Writing back and forth : postcolonial diaspora and its antinomies
Giri, Bed Prasad, Department of English, University of Virginia
Felski, Rita, Department of English, University of Virginia
Wicke, Jennifer, Department of English, University of Virginia
Ramazani, R Jahan, Department of English, University of Virginia
This study uses selected works of South Asian diasporic fiction to question certain idealizations that persist in the theories of postcolonial diaspora. It explores a problematic dimension of postcolonial criticism and theory with a view to suggesting an alternative reading of transnational, diasporic and global cultures. Drawing on the work of a diverse set of critics in postcolonial and minority cultural studies, it specifically argues for an antinomial view of diasporic literature, caught between conflicting affiliations and commitments.
Current readings in postcolonial diasporic literature emphasize how such literature "writes back" to the empire and its various discursive formations. By attending to the problematic of displacement as much as to empire, my study locates postcolonial diasporic writing in the world of multiple affiliations. This is not to say that diasporic culture or its art is inauthentic, as some critics have alleged, but simply that it is ordinary. Like any other product of human striving, it is contaminated by the conditions of its production and therein lies its worldly merit.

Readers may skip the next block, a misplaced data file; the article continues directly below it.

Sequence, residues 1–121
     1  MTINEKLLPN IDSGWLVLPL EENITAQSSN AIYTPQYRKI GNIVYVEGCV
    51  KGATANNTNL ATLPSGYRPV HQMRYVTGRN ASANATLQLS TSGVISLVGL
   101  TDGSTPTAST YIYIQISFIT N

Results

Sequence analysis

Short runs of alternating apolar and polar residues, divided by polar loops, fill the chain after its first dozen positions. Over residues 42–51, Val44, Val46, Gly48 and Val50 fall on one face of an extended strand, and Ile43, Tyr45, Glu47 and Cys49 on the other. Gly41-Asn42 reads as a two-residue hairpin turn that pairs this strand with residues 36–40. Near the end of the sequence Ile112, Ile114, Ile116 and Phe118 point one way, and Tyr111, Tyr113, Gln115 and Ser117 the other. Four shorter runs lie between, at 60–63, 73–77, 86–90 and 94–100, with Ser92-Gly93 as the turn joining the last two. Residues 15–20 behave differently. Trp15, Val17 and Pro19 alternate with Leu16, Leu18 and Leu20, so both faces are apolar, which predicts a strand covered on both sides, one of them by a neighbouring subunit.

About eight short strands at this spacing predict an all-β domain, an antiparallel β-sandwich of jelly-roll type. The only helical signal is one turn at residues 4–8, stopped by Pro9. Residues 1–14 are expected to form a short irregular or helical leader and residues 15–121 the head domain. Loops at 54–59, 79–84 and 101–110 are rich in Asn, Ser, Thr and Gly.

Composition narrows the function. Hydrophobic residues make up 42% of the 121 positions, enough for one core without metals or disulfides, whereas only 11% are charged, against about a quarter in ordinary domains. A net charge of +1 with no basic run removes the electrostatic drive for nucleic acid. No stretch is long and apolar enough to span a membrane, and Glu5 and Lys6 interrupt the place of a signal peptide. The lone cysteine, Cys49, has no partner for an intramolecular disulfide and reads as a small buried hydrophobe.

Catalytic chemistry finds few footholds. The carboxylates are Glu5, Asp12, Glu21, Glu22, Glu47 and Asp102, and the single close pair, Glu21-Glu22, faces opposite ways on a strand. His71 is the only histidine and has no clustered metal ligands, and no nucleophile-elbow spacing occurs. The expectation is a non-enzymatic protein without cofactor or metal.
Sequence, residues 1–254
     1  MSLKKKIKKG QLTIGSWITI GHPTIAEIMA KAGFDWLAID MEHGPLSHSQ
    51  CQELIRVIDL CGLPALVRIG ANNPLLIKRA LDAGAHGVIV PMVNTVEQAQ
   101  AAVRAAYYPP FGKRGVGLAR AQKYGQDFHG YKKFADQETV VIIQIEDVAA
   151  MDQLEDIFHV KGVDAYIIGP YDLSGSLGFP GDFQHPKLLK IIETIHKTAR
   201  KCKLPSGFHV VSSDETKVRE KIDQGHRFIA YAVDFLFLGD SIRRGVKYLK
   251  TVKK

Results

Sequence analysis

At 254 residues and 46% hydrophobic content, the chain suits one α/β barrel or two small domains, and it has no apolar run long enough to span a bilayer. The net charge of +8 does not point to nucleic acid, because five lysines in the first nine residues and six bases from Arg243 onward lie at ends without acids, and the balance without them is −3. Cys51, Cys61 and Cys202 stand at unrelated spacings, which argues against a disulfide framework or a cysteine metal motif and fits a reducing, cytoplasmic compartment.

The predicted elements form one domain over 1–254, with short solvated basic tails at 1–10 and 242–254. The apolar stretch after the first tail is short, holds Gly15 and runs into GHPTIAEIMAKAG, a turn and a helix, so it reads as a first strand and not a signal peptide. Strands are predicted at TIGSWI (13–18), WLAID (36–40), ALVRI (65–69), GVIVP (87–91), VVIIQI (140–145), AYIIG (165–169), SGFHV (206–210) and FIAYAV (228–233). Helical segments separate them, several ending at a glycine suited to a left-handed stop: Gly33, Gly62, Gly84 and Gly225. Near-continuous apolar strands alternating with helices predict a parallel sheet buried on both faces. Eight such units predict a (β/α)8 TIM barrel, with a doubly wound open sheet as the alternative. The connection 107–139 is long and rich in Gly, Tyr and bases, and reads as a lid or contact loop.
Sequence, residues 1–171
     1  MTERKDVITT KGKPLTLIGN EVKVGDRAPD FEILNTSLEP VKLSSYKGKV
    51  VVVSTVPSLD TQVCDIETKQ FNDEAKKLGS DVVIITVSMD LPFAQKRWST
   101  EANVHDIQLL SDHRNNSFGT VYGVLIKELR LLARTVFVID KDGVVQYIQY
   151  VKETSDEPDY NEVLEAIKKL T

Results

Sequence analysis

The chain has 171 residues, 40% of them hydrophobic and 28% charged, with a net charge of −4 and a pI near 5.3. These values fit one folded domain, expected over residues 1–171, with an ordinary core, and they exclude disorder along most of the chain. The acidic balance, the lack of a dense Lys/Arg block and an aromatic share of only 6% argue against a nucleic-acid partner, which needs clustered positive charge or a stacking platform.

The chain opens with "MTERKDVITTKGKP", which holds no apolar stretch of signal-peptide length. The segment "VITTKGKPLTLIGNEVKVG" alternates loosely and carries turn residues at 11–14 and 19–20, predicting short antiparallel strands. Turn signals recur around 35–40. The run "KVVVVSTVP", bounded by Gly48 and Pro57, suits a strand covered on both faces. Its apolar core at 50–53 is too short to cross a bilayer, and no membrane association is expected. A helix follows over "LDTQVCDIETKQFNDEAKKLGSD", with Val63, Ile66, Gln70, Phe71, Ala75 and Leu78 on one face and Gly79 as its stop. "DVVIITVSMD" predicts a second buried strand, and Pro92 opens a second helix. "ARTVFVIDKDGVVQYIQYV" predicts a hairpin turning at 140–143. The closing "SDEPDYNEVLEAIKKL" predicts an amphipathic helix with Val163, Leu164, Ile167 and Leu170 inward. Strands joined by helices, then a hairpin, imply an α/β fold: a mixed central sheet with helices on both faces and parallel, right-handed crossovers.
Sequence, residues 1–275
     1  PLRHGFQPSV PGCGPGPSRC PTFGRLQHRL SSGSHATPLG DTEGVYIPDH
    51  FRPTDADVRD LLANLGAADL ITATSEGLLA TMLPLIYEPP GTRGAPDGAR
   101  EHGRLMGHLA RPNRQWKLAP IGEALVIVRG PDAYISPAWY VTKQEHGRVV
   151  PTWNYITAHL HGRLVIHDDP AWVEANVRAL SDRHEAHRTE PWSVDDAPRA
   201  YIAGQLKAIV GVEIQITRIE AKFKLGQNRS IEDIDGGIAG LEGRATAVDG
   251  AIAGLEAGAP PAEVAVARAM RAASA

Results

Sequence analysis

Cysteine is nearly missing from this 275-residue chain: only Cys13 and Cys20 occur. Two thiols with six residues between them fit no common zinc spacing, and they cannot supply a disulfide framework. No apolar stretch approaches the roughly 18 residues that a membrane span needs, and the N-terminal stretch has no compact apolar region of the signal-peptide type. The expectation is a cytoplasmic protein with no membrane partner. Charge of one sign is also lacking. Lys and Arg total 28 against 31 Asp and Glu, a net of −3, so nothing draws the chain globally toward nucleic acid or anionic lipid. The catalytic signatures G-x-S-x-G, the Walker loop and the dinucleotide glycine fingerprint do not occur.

The Introduction surveys and critiques the emerging discourse of diasporism
across various intellectual traditions: Jewish, black British and postcolonial. It then situates postcolonial diasporic writing within a field of tensions marked by several antinomial tendencies. Subsequent chapters discuss the work of three prominent writers of South Asian origin or descent: V. S. Naipaul, Bharati Mukherjee, and Salman Rushdie. Chapter 1, examines Naipaul's two early novels, A House for Mr. Biswas and The Mimic Men from under the postcolonial as well as colonial diaspora rubrics. Similarly, Chapter
2 examines Bharati Mukheijee's popular novel Jasmine, The Tiger's Daughter, and Desirable Daughters in terms of two conflicted responses to postcolonial displacement: exile and assimilation. Chapter 3 discusses Rushdie's major novels, Midnight's Children and The Satanic Verses, under the rubric of postcolonial migrancy. In all these chapters, I discuss the problematic of displacement, its representation, its effect on politics, culture, and subjectivity, and its antinomies.
PHD (Doctor of Philosophy)
criticism, idealizations, theory, postcolonial diaspora, South Asian diasporic fiction
Digitization of this thesis was made possible by a generous grant from the Jefferson Trust, 2015.
Thesis originally deposited on 2016-02-18 in version 1.28 of Libra. This thesis was migrated to Libra2 on 2017-03-23 16:33:30.
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